Gloria Allred: C.J. Spillman's Alleged Sexual Assault Victim Meets With NFL Investigators
This marks the first investigation by new NFL senior adviser Lisa Friel
The National Football League's new senior adviser for sexual assault and domestic violence met with an alleged victim of a sexual assault by a player for the first time on Monday, the woman's attorney says.
The woman, who claims current Dallas Cowboys safety C.J. Spillman sexually assaulted her in California last year when he played for the San Francisco 49ers, was questioned for five and a half hours by the NFL's new adviser Lisa Friel, the alleged victim's lawyer Gloria Allred says.
The meeting is significant because it is the first time Friel, a former Manhattan sex crimes prosecutor, has met with an alleged victim since her mid-September appointment.
"It was long, intense and detailed. My client answered all the questions she was asked," Allred told THR in a phone call after the meeting. "I have to wonder if C.J. Spillman will have to answer five and a half hours of questions, or any questions at all."
Allred represents two different women who have reported assaults by Spillman to the police in two separate instances. She says the women contacted her separately and have never met. The woman who was questioned by the NFL on Monday is a massage therapist who says Spillman groped her and tried to force her to perform oral sex in her Santa Clara, Calif., studio, according to the New York Daily News. Allred declined to comment on details of her client or the assault. No charges were filed in the 2013 incident.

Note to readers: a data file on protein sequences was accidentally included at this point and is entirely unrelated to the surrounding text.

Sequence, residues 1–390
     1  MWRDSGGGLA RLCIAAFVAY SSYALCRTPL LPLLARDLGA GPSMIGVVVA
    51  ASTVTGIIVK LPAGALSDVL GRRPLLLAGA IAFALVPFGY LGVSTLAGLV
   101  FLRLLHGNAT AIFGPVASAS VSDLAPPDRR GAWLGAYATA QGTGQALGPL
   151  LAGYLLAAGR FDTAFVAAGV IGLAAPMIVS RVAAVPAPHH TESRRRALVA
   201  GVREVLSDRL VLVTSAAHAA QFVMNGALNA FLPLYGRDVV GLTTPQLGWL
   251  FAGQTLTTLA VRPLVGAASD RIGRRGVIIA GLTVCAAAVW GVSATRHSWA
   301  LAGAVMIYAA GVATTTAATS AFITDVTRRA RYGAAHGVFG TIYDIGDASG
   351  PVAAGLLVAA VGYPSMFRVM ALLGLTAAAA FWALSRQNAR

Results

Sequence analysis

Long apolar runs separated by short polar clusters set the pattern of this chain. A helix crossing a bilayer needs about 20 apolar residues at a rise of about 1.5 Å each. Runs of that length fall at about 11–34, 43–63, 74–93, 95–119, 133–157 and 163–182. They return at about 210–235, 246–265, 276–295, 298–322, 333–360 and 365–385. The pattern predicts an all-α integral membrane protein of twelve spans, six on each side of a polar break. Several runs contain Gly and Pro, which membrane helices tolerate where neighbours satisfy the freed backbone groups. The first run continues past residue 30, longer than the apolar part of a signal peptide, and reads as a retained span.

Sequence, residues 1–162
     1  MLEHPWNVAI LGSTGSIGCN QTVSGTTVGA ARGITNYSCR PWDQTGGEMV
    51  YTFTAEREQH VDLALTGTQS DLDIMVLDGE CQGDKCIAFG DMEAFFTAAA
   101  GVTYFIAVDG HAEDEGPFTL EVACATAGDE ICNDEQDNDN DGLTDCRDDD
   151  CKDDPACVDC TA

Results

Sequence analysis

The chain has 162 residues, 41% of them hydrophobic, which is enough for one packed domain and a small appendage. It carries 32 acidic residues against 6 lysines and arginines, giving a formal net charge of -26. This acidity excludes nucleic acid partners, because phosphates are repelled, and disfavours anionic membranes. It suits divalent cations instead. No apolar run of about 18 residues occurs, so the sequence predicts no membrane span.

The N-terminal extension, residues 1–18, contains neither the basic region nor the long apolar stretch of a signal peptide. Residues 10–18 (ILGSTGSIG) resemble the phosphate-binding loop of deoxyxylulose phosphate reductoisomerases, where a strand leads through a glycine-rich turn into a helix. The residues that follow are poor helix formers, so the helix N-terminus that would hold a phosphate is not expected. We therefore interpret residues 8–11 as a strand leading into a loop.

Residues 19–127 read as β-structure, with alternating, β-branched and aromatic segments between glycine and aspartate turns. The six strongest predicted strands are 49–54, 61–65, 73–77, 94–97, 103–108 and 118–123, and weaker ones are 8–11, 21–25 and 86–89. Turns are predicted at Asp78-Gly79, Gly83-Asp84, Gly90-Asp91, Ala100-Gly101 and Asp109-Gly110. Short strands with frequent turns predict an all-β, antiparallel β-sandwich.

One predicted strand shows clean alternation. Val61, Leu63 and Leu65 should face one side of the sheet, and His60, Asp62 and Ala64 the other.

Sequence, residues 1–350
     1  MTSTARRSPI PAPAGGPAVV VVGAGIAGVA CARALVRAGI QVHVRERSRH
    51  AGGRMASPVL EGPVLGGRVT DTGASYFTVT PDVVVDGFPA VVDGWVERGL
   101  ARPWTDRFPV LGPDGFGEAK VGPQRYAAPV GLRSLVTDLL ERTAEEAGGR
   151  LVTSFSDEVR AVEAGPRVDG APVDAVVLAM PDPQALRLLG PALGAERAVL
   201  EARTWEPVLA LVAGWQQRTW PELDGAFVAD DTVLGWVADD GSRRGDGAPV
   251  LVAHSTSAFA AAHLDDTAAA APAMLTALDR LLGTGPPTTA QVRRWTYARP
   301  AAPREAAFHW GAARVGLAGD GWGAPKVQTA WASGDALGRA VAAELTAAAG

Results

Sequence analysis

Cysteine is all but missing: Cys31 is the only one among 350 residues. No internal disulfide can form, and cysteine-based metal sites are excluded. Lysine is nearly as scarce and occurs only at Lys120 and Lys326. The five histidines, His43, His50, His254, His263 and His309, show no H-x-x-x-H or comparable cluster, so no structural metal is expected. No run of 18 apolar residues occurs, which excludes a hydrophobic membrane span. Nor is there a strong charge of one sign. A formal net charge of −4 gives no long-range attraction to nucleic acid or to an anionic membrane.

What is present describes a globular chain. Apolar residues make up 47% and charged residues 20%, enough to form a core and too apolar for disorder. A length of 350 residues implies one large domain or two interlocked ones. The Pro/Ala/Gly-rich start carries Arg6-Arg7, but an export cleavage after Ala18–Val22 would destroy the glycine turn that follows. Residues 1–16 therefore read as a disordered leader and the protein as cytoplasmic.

Separately, a woman in Texas told police on Sept. 20 that Spillman had raped her. Spillman played the next day. Allred says the alleged rape victim has not met with the prosecutor yet, so it's not known whether charges will be filed. One day prior to the alleged rape, NFL commissioner Roger Goodell held a press conference to talk about the league's treatment of sexual assault cases.
Irrespective of criminal charges, "the NFL is investigating to see if their own personal conduct policy has been violated. Essentially, they say the players are held to a higher standard, even there are no charges or prosecution," Allred says. "They can be disciplined even if there's never an arrest. There's a different burden of proof."
Friel was hired as the NFL has been under fire for mishandling issues of sexual assault and domestic violence since the scandal involving Baltimore Ravens running back Ray Rice. After almost three decades serving as a prosecutor, Friel joined T&M Protection Resources as an executive who deals with sexual misconduct in schools and workplaces. She flew out from New York with a female colleague at T&M to question Spillman's alleged victim in Allred's Los Angeles office, Allred said.
"They appear to be taking it seriously, but they have to do a lot more," Allred said. "They didn't give me a time frame. We are the first test. Are they going to do something or is this just PR and spin control?"